Soundness review for Selfie, my personal self-referential struct library

For the past couple of months I've been working on Selfie, a small self-referential struct library for use in some of my personal projects. These require audio realtime-safety (and therefore no extra allocations), which is the reason why I went ahead and made my own library instead of using some existing libraries, which either allocate or do not support custom referential types (or have soundness issues).

After a small amount of use, a decent MIRI-covered test suite, and some research into other self-referential libraries' soundness issues, I'm confident enough to say that I haven't found any soundness issues with my implementation. But I'm far from an expert on the subject, so I would like to get as much review and scrutiny as possible from this community to try and find soundness issues before I promote it or use it in larger projects. :slight_smile:

The implementation is only around ~400 LOC (~1K with tests and examples). It's also fully documented, with code examples both in the docs and the Readme.

Thanks in advance for your time!

Selfie::with_referential_mut is unsound, it allows to write a <R as RefType<'s>>::Ref, where 's comes from &'s mut self, which is shorter than the lifetime of the Selfie. This allows to write an &'short str to a Selfie<String, Ref<str>> and then read it from the Selfie after the 'short lifetime has ended.

use core::pin::Pin;
use selfie::{refs::Ref, Selfie};

fn main() {
	let data: Pin<String> = Pin::new("Hello, world!".to_owned());
	let mut selfie: Selfie<String, Ref<str>> = Selfie::new(data, |s| &*s);

	{
		let new_string = String::from("foo");
		selfie.with_referential_mut(|s| *s = &new_string);
	}
	
	println!("{}", selfie.referential());
}
5 Likes

I don't understand why Pin is used.

I see potential soundness problems with Selfie::with_referential and Selfie::referential; I'll try to come up with demonstrative examples when I got more time. Haven't looked as SelfieMut yet. Feel free to ping me in a few days in case I forget this. Edit: Well, in the meantime @SkiFire13 has already come up with decent examples and provided good explanation, so I won't need to anymore :smiling_face:.

Right @steffahn, Selfie::with_referential and Selfie::referential have the same problem as Selfie::with_referential_mut when the reference type is invariant (Edit: the problem with Selfie::with_referential_mut is also due to invariant lifetimes but it doesn't need internal mutability to exploit it):

use core::cell::Cell;
use core::pin::Pin;
use selfie::{refs::RefType, Selfie};

struct MyCell<'a>(Cell<&'a str>);
struct MyCellStandIn;

impl<'a> RefType<'a> for MyCellStandIn {
  type Ref = MyCell<'a>;
}

fn main() {
	let data: Pin<String> = Pin::new("Hello, world!".to_owned());
	let selfie: Selfie<String, MyCellStandIn> = Selfie::new(data, |s| MyCell(Cell::new(&s)));

	{
		let new_string = String::from("foo");
		selfie.with_referential(|s| s.0.set(&new_string));
	}
	
	// Can't use `selfie.referential()` because `Cell<&str>: !Copy`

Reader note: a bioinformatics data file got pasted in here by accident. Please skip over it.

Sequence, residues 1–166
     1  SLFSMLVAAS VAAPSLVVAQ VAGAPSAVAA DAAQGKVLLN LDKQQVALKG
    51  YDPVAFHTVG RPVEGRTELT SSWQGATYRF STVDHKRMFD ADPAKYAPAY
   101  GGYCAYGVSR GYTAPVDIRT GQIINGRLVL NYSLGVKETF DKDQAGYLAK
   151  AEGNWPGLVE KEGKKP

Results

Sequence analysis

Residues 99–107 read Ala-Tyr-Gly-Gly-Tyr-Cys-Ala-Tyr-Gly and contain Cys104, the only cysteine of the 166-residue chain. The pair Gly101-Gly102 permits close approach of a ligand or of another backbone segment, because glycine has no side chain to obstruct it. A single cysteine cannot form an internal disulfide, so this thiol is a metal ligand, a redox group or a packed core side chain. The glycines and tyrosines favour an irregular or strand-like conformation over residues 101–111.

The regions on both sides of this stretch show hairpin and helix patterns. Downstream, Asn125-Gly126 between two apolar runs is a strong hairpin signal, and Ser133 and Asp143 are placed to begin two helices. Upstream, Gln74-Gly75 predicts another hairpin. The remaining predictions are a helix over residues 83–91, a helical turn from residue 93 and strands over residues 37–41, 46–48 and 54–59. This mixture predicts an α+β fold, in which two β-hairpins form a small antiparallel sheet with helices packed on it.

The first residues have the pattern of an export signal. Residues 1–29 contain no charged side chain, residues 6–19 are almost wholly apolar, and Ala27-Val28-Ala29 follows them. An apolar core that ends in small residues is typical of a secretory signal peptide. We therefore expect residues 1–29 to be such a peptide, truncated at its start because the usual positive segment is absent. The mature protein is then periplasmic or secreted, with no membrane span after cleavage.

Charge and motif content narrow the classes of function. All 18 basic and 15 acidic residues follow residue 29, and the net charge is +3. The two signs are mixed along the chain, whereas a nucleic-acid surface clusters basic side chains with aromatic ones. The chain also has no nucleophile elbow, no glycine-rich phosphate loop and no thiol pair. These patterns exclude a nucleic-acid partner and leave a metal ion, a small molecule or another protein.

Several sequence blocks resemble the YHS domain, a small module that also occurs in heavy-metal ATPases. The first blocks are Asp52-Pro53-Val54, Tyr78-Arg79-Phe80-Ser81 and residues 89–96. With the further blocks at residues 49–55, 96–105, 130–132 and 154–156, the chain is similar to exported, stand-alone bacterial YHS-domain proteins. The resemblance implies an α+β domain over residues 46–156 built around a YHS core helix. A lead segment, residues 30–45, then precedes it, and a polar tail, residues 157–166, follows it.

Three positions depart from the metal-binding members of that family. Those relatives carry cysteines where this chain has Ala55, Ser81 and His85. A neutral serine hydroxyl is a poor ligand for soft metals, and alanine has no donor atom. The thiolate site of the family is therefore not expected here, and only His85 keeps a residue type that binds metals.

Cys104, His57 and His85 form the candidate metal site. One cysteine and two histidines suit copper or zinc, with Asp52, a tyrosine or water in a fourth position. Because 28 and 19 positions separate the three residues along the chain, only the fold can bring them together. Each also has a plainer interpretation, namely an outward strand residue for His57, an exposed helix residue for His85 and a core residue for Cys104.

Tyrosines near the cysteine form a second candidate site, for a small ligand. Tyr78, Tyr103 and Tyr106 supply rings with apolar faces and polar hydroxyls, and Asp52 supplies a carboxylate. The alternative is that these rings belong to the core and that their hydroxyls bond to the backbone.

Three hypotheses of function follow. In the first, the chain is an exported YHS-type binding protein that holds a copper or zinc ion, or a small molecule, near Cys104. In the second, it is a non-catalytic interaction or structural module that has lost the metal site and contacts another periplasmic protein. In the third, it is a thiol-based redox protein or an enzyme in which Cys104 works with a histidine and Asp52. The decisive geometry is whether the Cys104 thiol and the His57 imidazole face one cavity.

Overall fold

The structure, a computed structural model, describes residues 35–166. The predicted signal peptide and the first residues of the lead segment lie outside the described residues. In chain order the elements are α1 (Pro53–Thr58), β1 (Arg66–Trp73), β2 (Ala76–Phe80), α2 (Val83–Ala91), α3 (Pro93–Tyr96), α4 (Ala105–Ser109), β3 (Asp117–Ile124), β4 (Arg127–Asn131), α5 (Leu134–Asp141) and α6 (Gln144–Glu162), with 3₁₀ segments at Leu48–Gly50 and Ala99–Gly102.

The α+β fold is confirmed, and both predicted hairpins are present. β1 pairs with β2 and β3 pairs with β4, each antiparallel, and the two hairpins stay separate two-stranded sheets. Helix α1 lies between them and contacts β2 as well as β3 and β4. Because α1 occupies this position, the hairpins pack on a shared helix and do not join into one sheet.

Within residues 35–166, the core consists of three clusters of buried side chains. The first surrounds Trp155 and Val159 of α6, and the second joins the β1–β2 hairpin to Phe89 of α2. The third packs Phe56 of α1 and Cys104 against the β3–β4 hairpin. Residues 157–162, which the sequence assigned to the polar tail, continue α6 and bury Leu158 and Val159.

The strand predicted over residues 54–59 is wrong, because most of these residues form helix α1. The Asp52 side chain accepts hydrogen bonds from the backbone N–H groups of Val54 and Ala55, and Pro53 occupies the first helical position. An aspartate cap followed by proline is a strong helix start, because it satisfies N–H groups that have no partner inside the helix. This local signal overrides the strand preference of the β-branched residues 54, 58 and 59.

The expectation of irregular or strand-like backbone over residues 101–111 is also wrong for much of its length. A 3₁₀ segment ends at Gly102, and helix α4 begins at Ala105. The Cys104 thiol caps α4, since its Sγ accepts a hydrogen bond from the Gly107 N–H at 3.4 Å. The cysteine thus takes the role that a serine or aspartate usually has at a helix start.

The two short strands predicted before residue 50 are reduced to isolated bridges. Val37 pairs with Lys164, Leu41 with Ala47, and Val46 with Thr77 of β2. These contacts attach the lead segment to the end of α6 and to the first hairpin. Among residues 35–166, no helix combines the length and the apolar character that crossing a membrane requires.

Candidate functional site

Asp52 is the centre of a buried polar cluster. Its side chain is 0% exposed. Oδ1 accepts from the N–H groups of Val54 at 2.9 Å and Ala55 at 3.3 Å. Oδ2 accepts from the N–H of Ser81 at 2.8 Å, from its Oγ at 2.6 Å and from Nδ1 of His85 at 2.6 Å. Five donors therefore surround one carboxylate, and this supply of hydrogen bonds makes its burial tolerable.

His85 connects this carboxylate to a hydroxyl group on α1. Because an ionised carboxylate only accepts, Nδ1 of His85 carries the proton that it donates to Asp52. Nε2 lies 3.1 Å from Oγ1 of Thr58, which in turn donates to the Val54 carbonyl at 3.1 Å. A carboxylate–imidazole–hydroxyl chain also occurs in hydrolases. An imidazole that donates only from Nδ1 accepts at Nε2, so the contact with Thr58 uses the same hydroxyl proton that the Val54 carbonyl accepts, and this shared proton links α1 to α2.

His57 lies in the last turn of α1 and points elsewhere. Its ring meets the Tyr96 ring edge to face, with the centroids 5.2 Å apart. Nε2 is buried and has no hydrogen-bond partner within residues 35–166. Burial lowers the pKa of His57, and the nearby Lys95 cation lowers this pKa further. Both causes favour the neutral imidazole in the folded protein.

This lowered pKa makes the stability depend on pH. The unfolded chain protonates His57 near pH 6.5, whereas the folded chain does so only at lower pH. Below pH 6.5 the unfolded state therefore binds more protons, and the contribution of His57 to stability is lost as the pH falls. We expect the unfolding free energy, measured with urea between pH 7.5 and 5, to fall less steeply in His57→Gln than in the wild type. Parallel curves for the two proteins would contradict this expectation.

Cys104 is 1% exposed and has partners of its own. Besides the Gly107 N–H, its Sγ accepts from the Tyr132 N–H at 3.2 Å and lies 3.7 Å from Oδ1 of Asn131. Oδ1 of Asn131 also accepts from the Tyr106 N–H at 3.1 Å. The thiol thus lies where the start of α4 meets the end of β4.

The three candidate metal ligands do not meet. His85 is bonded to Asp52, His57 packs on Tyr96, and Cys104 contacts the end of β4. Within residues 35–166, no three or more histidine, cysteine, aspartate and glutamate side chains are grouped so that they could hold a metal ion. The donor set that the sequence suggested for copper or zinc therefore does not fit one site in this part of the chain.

println!("{}", selfie.with_referential(|s| s.0.get()));
}
use core::cell::Cell;
use core::pin::Pin;
use selfie::{refs::RefType, Selfie};

struct DoubleRefStandIn;

impl<'a> RefType<'a> for DoubleRefStandIn {
  type Ref = &'a Cell<&'a str>;
}

fn main() {
	let data: Pin<String> = Pin::new("Hello, world!".to_owned());
	let selfie: Selfie<String, DoubleRefStandIn> = Selfie::new(data, |s| &*Box::leak(Box::new(Cell::new(&*s))));

	{
		let new_string = String::from("foo");
		selfie.referential().set(&new_string);
	}
	
	println!("{}", selfie.referential().get());
}
2 Likes

Just a couple of notes on how these problems could be solved:

  • with_referential and with_referential_mut's closure could swap the 's and 'this signature (i.e. F: for<'this> FnOnce(&'s mut <R as RefType<'this>>::Ref) -> T). This should "hide" the self-referential lifetime thanks to the use of 'this while the reference can easily have 's lifetime since it's actually a reference into &'s self. This is also how ouroboros does it.
  • referential should require <R as RefType<'s>>::Ref to be covariant in 's. This could be done with an additional trait that provides a fn upcast<'a: 'b, 'b>(this: <Self as RefType<'a>>::Ref) -> <Self as RefType<'b>>::Ref and call that method to create the value returned by referential.
2 Likes

Well that was fast! Thank you! :smile:

Ah, right! I was always thinking about the lifetimes being to short, and forgot about lifetimes being too long. :sweat_smile:

I have applied your fix to the latest main version on my repo, and also added an extra compile-fail test from your code! ^^

Using this solution, what would the signature of referential() look like? I'm assuming it can't be the same as the current one (i.e. fn referential<'s>(&'s self) -> <R as RefType<'s>>::Ref), otherwise it would also be unsound with your Cell example.

However, referential was just meant as a quick shortcut for .with_referential(|r| *r), it doesn't expose any functionality itself. I have removed it for now, but it's not a big deal and I don't think keeping it around is worth adding a whole other trait for external types to implement.

I was under the impression that Pin was made for those cases where the data behind the pointer P must not be moved, which is the case for self-referential structs, so using Pin seemed natural to me. Am I using it wrong? Or do you mean that it isn't useful in that context?

Pin won't do anything anyway unless the target type does not implement Unpin. So in particular, examples such as Pin<String> are useless.